Google Adds New Packaged Apps to Chrome Dev Channel Browser

The Chrome packaged apps help give richer user experiences by adding more access to Google services for Chrome Web browser users.

Google's Chrome Web browser has received six new feature-filled APIs as part of its growing stable of Chrome packaged apps browser add-ons that are aimed at enriching the experiences of Chrome browser users.

The new APIs have been added to the latest Chrome Dev channel release, which continues to undergo development work before later progressing as a beta and then a stable release to the general public, according to a July 8 post by Mike Tsao, the Chrome apps tech lead, on The Chromium Blog.

"As part of our ongoing effort to bring powerful capabilities to Chrome packaged apps, today's Chrome Dev channel release brings Chrome packaged apps richer access to Google services such as Google Analytics, Google APIs and Google Wallet, and better OS integration using services such as Bluetooth and native app communication," wrote Tsao.

Packaged apps offer several key benefits for Chrome users, according to Google, including that they run separately from the browser and are offline applications, so they don't rely on having always-on access to a network connection. That makes packaged apps "as capable as a native app, but as safe as a web page," according to Google. The packaged apps are written in HTML5, JavaScript and CSS.

The new Chrome packaged APIs include an Identity API that "allows packaged apps to authenticate users securely using OAuth 2.0 without the user having to provide a username and password directly to the app," according to Tsao's post. "The Identity API supports authentication using Google Accounts as well as third party providers such as GitHub and Foursquare." It also "gives packaged apps secure access to Google APIs such as Google+, Calendar and Drive."

Another API, the In App Payments API, provides a means for packaged app developers to sell digital and virtual goods, wrote Tsao. "The API is built on the Google Wallet for digital goods platform and provides a simple user interface for buyers. In addition to one-time billing, this API supports subscription-based billing" for repeatable purchases.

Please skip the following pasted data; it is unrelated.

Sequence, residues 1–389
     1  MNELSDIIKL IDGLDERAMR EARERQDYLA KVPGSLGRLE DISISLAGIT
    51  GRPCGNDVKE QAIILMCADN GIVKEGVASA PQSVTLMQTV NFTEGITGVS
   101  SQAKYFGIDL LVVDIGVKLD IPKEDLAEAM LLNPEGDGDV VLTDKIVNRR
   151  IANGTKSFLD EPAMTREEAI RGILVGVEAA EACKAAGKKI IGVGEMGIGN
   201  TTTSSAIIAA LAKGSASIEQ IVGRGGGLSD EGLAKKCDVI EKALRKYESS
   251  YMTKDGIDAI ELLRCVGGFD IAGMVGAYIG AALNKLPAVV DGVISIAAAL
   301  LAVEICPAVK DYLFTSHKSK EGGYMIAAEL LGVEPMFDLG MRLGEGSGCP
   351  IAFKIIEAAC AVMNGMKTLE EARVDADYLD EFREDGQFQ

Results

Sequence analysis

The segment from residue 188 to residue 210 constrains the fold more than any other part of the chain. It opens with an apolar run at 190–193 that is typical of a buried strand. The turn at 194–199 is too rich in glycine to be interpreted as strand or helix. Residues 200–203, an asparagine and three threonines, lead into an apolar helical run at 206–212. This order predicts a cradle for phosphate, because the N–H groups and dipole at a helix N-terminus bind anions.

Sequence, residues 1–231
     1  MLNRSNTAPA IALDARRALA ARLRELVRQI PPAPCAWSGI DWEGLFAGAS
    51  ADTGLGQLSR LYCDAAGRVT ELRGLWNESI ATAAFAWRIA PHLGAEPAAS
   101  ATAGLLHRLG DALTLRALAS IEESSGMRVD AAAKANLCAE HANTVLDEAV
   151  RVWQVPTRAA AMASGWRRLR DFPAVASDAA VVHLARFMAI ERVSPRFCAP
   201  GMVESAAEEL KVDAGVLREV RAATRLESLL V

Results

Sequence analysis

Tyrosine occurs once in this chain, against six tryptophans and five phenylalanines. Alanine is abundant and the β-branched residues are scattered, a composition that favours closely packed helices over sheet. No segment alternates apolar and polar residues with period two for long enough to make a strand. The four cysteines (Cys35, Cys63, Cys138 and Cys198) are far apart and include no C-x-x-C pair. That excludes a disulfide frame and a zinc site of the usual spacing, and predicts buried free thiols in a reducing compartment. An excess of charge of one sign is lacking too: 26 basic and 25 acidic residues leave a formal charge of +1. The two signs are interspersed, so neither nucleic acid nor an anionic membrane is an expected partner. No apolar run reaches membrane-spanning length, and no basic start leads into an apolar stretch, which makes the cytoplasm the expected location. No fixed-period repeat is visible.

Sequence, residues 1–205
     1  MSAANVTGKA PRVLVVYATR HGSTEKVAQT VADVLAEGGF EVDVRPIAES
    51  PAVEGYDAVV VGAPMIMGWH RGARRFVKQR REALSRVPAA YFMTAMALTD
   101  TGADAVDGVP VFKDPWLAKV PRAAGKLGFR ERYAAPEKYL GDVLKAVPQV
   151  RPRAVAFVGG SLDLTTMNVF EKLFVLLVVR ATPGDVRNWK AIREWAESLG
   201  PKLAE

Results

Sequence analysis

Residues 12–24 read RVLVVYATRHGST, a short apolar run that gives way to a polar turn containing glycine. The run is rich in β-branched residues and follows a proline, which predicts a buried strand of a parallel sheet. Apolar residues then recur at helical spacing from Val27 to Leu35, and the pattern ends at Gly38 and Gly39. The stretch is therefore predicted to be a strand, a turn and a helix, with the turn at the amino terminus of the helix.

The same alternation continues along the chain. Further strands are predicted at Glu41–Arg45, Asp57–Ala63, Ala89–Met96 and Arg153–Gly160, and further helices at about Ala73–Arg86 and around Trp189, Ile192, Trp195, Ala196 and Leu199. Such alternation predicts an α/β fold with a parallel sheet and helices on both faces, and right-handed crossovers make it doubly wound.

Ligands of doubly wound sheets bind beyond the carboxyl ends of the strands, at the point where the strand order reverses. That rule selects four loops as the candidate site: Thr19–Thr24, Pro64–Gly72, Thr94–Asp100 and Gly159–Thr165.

A new Analytics API is also now available so that packaged app developers can now collect user engagement data from their applications more easily, wrote Tsao. "Developers can then use Google Analytics reports to measure number of active users, adoption and usage of specific features, and many other useful metrics," he wrote.

An enhanced Media Gallery API now allows packaged apps to read music, videos and images from the local disk as long as it is permitted by the users, wrote Tsao. "Starting with this release, a user's iTunes music library will be available as a default media gallery, allowing apps to import and play locally stored music."

Also now featured are a Bluetooth API that allows packaged apps to connect to Bluetooth devices such as smartphones and headsets as well as a Native Messaging API that can communicate with native applications for consumer electronics such as motion sensors and scanners, wrote Tsao.
"During this preview period, packaged apps are available to Chrome Dev channel users in the Chrome Web Store," he wrote. "We've already seen lots of interesting packaged apps uploaded, and we look forward to seeing developers take advantage of these powerful new capabilities."

Packaged apps don't operate within the Chrome browser. Instead they open in their own windows, according to Google.

Back in May, Google launched a developer preview of the Chrome packaged app concept.

In late June, Google released several security and stability fixes for its Chrome Web browser Version 27 and updated the Chrome 27 browser Stable Channel to Version 27.0.1453.116 for Windows, Macintosh and Chrome Frame platforms.

The latest Chrome desktop browser can be downloaded for free from Google.